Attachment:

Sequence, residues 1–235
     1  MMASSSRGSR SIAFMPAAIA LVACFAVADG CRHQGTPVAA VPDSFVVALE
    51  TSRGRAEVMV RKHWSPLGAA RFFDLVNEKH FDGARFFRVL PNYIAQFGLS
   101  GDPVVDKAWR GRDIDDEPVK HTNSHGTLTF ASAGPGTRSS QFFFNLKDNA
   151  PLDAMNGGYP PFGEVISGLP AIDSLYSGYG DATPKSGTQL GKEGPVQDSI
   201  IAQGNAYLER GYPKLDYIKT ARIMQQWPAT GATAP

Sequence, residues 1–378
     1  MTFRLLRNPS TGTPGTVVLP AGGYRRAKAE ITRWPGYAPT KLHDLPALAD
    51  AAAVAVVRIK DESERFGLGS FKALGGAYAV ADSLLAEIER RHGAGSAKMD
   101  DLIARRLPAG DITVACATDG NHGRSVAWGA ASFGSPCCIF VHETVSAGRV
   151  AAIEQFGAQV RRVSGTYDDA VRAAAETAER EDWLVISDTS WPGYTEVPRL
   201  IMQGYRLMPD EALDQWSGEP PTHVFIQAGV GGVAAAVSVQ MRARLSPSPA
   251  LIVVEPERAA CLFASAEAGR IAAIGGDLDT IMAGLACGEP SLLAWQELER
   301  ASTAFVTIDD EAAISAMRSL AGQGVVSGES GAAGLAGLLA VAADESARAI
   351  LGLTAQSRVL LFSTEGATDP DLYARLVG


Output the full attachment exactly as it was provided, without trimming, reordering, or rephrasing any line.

Sequence, residues 1–235
     1  MMASSSRGSR SIAFMPAAIA LVACFAVADG CRHQGTPVAA VPDSFVVALE
    51  TSRGRAEVMV RKHWSPLGAA RFFDLVNEKH FDGARFFRVL PNYIAQFGLS
   101  GDPVVDKAWR GRDIDDEPVK HTNSHGTLTF ASAGPGTRSS QFFFNLKDNA
   151  PLDAMNGGYP PFGEVISGLP AIDSLYSGYG DATPKSGTQL GKEGPVQDSI
   201  IAQGNAYLER GYPKLDYIKT ARIMQQWPAT GATAP

Sequence, residues 1–378
     1  MTFRLLRNPS TGTPGTVVLP AGGYRRAKAE ITRWPGYAPT KLHDLPALAD
    51  AAAVAVVRIK DESERFGLGS FKALGGAYAV ADSLLAEIER RHGAGSAKMD
   101  DLIARRLPAG DITVACATDG NHGRSVAWGA ASFGSPCCIF VHETVSAGRV
   151  AAIEQFGAQV RRVSGTYDDA VRAAAETAER EDWLVISDTS WPGYTEVPRL
   201  IMQGYRLMPD EALDQWSGEP PTHVFIQAGV GGVAAAVSVQ MRARLSPSPA
   251  LIVVEPERAA CLFASAEAGR IAAIGGDLDT IMAGLACGEP SLLAWQELER
   301  ASTAFVTIDD EAAISAMRSL AGQGVVSGES GAAGLAGLLA VAADESARAI
   351  LGLTAQSRVL LFSTEGATDP DLYARLVG